I think this would've been much more interesting if the book focused a little more on her family situation. It is talked about throughout the book, but nothing comes of it until about the final quarter of the book, and it happens completely by accident! I just felt like I couldn't connect with Pearl because she couldn't connect with herself. This book wanted to be a coming of age story, but Pearl never figured out who she was.

In addition to the above issues, this book was painfully predictable. So much so that I felt like if I put it down about half way through like I wanted to, I wouldn't have been left wondering what was going to happen. And not just because I truly didn't care.

The beginning of the book started out promising, but then just dragged. There was nothing that kept me interested in where Pearl's life was going. When I finally got there, the ending was satisfying, but not worth the amount of time that it took to get there.

It takes a lot for me to give a book a one star review, and I was tempted to give this book two stars because of that. However, when I think about it, I would never recommend this book and I even stopped reading it before I completely finished it as well. Therefore, I couldn't give this book anything higher. If this book is on your TBR, you can pass on it. Unless you really enjoy these stories and aren't looking for anything fresh.
 
 
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By: Giovanna Fletcher
Published Year: 2013
Publisher: Thomas Dunne Books
Pages: 352

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Summary (Provided by Goodreads): In this utterly sweet and moving women's fiction novel, a celebrity comes to town and sweeps a young woman - who is used to being overlooked - off her feet.

Sophie May is content with her life in her small English village, working in the local coffee shop and living with her mom. But when famous actor Billy comes to town to play Mr. Darcy in a new film adaptation of Pride and Prejudice, Sophie's quiet life is quickly turned on its head. Billy is adored by women around the world, but he only wants Sophie on his arm. But being with Billy comes at a price, and Sophie is thrown in the spotlight after years of shying away from attention. Can she handle the constant scrutiny that comes with being with Billy?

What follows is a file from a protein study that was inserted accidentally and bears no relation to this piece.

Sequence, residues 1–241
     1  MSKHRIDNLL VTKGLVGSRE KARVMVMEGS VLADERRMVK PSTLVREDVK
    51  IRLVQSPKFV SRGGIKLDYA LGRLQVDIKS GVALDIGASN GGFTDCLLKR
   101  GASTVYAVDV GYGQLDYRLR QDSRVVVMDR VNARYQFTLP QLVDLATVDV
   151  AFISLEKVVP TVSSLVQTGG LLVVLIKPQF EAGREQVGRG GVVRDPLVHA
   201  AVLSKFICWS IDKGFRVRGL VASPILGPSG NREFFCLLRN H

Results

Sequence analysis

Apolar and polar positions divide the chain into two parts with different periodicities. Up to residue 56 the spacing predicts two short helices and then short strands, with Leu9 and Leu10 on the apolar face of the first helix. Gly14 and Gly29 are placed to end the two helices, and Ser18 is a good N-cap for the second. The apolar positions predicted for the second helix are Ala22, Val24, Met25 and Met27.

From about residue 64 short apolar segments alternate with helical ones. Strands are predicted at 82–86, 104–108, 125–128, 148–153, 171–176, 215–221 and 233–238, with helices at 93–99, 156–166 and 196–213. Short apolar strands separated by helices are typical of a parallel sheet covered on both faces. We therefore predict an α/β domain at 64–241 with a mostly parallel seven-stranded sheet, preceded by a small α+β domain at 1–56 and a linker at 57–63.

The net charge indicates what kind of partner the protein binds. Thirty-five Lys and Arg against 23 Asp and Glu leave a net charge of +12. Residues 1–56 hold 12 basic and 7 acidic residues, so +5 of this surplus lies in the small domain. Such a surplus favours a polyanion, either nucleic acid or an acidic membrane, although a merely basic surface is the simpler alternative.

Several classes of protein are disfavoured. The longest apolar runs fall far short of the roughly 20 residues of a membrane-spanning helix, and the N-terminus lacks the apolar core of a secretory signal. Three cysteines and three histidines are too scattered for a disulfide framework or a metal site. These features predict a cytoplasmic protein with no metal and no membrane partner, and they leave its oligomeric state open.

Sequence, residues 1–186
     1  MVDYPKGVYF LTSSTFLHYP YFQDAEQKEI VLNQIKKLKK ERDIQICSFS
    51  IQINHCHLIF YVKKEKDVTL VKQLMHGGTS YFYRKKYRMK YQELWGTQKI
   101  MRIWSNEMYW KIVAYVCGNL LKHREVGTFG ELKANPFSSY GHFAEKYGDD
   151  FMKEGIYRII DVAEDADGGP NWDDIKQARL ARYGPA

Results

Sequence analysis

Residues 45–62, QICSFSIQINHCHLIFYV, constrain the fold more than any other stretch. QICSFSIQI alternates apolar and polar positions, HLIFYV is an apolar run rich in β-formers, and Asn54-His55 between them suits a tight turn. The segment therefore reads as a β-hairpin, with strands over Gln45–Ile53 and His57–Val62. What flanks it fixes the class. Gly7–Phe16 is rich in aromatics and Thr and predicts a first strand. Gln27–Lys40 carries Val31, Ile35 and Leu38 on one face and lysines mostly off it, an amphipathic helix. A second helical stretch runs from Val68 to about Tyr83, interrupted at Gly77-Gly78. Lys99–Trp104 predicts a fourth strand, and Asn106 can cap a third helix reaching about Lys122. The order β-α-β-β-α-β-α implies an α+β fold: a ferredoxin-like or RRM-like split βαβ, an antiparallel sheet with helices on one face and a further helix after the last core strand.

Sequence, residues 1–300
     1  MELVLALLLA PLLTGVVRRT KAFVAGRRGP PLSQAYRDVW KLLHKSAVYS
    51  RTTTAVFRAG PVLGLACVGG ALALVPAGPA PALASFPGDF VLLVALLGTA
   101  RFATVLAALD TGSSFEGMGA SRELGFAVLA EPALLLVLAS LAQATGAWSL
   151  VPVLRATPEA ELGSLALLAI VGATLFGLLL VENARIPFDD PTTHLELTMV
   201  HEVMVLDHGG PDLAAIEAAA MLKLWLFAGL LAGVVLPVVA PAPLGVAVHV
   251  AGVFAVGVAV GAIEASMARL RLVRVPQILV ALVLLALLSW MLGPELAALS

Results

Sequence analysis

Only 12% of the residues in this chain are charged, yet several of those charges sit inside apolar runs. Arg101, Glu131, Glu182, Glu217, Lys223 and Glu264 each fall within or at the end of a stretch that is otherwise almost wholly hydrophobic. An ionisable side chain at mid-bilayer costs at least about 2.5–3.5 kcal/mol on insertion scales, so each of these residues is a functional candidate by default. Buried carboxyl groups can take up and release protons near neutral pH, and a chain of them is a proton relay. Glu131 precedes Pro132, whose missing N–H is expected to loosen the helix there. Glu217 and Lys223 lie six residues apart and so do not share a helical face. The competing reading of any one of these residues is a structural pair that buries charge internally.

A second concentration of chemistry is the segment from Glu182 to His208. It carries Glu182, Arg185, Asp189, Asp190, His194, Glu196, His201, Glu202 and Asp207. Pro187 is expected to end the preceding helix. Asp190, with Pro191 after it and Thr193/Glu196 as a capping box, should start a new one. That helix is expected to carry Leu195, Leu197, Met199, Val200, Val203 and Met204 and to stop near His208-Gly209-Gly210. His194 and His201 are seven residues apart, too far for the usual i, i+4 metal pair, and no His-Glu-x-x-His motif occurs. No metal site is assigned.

First Impressions

Such a cute chick lit cover! When I first heard that Giovanna Fletcher was coming out with her debut novel, I was really excited to read it. However, it wasn’t available in the US. If it had been, I definitely would’ve read it immediately.
                              
                                                      What I thought


This book was exactly the cute chick lit that I thought it would be and needed.

Sophie May is a small town girl who helps to run a tea shop. She grew up in this same town and never left. She even still lives with her mother. The town gets shaken up when a movie ends up being filmed in their town. An up and coming star shows up for the lead role and falls in love with Sophie. The novel follows them in their new love and all the trials the meeting of their two worlds create.

While initially the story doesn’t seem completely unique, it didn’t play out the way I expected. I expected the story to be about the process of Billy and Sophie falling in love, but instead it’s more of the after. I liked that this was different from a lot of other stories that have had similar plots.